Grover´s disease reaches 50 years

César Bimbi1, Antonio Carlos Bastos Gomes1, Piotr Brzezinski2, Daiane Flores Dalla Lana3

1Brazilian Society of Dermatology, Porto Alegre, Brazil, 2Department of Physiotherapy and Medical Emergency, Faculty of Health Sciences, Pomeranian Academy, Slupsk, Poland, 3Graduate Program in Pathology, Federal University of Health Sciences of Porto Alegre (UFCSPA), Brazil

Corresponding author: Dr. César Bimbi

How to cite this article: Bimbi C, Bastos Gomes AC, Brzezinski P, Dalla Lana DF. Grover´s disease reaches 50 years. Our Dermatol Online. 2021;12(3):347-348.

Submission: 15.06.2020; Acceptance: 17.09.2020

DOI: 10.7241/ourd.20213.33

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An otherwise healthy 58-year-old female presented herself with an acute-onset eruption of red excoriated papules located on the upper part of the back (Figs. 1a and 1b) and proximal sites of the upper and lower extremities, worsening during periods of hot or humid weather. The patient complained of severe itching.

Figure 1: (a and b) Red excoriated papules located on the upper part of the back.

The correlation of clinical features added to the histological pattern of focal acantholytic dyskeratosis (Fig. 2) led to a diagnosis of Grover’s disease (transient acantholytic dermatosis / TAD).

Figure 2: A biopsy showing focal acantholytic dyskeratosis, focal suprabasal acantholysis, and intense inflammatory infiltrate, composed mainly of lymphocytes, in the papillary dermis (H&E, 100×).

Systemic and topical steroids reduced the lesions and the patient was instructed to avoid such predisposing factors as heat, excessive sweating, and sun exposure.

Fifty years ago, Dr. Ralph Weir Grover, a NY dermatologist and dermatopathologist, uncovered the mystery of some unknown dermatologic cases hitherto regarded and diagnosed as atypical “Darier-like,” “pemphigus vulgaris-like,” and “Hailey–Hailey-like” disease most often affecting men over their fifties. These lesions occur due to the mechanism of separation of the skin’s outer layers of cells, a process known as acantholysis; this, however, happens with no clear cause. Since Dr. Ralph had always been attracted by cytology and had an in-depth knowledge and a special taste for anatomopathology, it was not difficult for him to detect a unique feature of focal acantholysis and dyskeratosis in those laminas. He termed his discovery as transient acantholytic dermatosis and published a manuscript in the April 1970 issue of Archives of Dermatology [1]. The condition was soon known as Grover’s disease (TAD) [2].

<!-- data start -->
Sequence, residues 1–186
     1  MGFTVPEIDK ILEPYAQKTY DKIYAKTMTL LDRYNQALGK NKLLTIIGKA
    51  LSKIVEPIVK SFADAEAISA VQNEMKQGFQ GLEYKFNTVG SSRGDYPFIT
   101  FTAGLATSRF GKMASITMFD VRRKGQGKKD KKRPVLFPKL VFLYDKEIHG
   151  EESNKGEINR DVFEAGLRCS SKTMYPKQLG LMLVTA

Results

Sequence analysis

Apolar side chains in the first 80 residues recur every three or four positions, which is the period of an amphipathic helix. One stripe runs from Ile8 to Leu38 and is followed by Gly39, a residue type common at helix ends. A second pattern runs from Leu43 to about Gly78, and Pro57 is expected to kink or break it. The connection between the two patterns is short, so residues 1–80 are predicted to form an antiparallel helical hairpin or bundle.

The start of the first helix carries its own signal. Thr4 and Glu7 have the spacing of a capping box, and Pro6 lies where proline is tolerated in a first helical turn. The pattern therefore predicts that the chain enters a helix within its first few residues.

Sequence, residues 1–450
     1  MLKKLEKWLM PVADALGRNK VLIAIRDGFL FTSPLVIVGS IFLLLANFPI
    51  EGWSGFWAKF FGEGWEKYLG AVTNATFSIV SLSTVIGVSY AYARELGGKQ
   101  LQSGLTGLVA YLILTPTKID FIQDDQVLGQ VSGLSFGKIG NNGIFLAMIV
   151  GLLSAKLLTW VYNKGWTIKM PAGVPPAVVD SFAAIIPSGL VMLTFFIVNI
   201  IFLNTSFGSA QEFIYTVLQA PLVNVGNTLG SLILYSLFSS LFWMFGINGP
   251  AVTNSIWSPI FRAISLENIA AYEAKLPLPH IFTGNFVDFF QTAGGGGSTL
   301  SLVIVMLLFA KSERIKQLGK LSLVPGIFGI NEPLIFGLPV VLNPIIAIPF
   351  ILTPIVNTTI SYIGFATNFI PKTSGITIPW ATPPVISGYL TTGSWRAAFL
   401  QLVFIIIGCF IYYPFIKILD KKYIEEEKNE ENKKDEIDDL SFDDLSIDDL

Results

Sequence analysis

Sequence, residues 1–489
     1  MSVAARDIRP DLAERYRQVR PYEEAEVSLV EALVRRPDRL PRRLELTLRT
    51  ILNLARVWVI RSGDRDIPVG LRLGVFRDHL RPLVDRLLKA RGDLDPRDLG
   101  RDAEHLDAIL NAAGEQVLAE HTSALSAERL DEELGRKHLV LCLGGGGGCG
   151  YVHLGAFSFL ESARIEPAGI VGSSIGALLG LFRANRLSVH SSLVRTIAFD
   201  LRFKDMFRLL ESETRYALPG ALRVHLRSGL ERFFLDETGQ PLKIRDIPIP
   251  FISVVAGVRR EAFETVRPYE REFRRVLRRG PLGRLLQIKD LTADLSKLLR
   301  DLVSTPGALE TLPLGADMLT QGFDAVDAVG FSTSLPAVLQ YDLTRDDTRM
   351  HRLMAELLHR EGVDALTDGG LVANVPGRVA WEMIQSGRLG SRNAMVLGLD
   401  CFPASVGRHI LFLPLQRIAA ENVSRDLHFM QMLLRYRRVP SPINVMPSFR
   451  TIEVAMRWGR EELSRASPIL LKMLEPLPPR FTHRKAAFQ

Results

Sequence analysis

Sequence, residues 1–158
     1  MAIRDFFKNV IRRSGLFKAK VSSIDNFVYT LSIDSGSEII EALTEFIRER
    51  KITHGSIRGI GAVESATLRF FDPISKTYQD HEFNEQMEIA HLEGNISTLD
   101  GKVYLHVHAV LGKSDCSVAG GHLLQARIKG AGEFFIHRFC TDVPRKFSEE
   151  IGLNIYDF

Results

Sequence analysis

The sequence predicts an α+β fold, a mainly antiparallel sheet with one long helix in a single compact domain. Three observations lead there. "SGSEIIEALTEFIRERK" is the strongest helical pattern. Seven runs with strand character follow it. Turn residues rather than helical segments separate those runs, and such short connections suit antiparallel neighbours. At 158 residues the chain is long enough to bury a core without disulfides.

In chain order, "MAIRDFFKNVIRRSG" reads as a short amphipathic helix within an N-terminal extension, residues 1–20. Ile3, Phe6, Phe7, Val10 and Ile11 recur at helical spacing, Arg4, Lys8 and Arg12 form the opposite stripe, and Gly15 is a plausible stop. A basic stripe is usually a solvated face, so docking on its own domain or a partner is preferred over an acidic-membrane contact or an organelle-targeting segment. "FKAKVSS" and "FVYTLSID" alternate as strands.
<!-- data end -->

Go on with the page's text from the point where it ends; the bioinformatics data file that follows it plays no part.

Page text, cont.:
The origin of TAD is still unknown. What is known, however, is that that the proteins of the desmosomal attachment plaque are primarily affected, leading to desmosomal dissolution. More often than not, a history of atopic dermatitis, excessive sweating, and metal allergy is present. In our patient, irritative dermatitis and a very dry skin were noted. Since the disease is not rare, it might just be poorly diagnosed. Contrary to the term transient that forms part of the name, TAD is, in fact, chronic and some cases may last six to twelve months [3].